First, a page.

The Exosuit, a next-generation atmospheric diving system that will allow divers to explore marine environments at a depth of 1,000 feet, is going on public display for the first time from February 27 through March 5. The 6.5-feet-tall, 530-pound hard-metal suit will allow divers the dexterity to perform tasks such as imaging marine animals in their natural habitat with high-resolution underwater cameras while providing protection from the ocean's pressure.
The Exosuit was designed and constructed by Nuytco Research Ltd.
The Exosuit is a successor to the JIM suit, an atmospheric diving suit that in 1979 took American oceanographer Dr. Sylvia Earle to a depth of 1,250 feet off the coast of Oahu.
Marine archaeologists normally wear scuba gear to explore underwater sites in person, but the time that divers can spend at depth is limited by the dangers of decompression sickness, or the bends. For deep wrecks, researchers rely on remotely operated vehicles (ROVs) carrying cameras and sonar to scan an area, or large and expensive craft like the Alvin submarine that explored the wreck of the Titanic in 1986.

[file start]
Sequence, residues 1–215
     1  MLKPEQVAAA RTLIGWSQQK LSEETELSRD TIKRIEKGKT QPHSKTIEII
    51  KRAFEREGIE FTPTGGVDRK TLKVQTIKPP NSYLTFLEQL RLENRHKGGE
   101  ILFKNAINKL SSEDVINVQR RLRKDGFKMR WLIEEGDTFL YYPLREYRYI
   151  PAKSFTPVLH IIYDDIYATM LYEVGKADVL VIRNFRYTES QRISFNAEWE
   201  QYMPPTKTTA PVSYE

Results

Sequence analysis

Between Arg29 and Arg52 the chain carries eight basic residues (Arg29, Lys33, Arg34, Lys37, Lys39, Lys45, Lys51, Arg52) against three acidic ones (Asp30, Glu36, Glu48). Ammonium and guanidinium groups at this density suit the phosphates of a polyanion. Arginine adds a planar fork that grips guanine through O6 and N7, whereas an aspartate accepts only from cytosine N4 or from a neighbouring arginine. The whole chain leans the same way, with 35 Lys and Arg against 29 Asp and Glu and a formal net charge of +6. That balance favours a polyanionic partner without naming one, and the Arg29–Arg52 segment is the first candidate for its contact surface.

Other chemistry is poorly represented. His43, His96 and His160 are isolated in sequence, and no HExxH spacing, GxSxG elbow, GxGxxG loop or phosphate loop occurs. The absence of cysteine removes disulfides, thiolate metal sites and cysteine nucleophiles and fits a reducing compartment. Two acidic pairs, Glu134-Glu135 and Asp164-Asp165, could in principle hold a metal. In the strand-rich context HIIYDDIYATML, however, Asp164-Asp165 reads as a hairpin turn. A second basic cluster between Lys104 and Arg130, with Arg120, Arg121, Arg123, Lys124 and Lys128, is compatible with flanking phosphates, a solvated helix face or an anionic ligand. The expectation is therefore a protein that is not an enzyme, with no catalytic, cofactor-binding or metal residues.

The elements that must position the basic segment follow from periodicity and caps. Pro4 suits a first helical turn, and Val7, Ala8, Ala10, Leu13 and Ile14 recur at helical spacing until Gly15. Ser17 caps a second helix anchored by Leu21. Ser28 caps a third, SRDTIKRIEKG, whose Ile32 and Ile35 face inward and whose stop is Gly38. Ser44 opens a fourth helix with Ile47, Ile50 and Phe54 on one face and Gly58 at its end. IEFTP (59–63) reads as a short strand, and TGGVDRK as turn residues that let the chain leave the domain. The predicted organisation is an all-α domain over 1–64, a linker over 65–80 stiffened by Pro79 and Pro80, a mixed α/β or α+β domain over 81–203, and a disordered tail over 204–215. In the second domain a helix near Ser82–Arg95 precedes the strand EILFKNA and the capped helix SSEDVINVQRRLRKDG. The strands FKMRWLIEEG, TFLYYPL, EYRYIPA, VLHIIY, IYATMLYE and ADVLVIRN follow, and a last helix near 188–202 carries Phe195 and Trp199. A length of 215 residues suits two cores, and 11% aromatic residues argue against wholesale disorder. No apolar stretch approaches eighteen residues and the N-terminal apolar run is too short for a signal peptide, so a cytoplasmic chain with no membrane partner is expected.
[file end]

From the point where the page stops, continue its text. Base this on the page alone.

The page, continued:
The $1.5 million Exosuit falls somewhere in between. "It's basically a wearable submarine," says Phil Short, a diving specialist on the planned mission to Antikythera. "The pressure inside is no different from being in a submarine or in fresh air. We can go straight to the bottom, spend 5 hours there and come straight back to the surface with no decompression."
The suit is made from an aluminium alloy, with articulated joints that permit divers to move their arms and legs freely. An umbilical cable from a ship supplies it with power for horizontal and vertical thrusters, and a rebreather that scrubs toxic carbon dioxide from exhaled air, giving 50 hours of life support. The cable also carries voice, video and data links. In the event of an emergency, a battery can power everything but the thrusters, including a back-up communication system.
Archaeologists will use the Exosuit's manipulators – a claw-like pincer where each of the suit's hands would be – to sift through silt, marine life and centuries of debris. "It's like chopsticks," Short said during trials at WHOI this month. "The first time you use them, you get covered in food. Then you start to get proficient. One drill we've been doing is to use one set of manipulators to open a folding knife attached to the other, then lock it and close it. I managed it twice yesterday."
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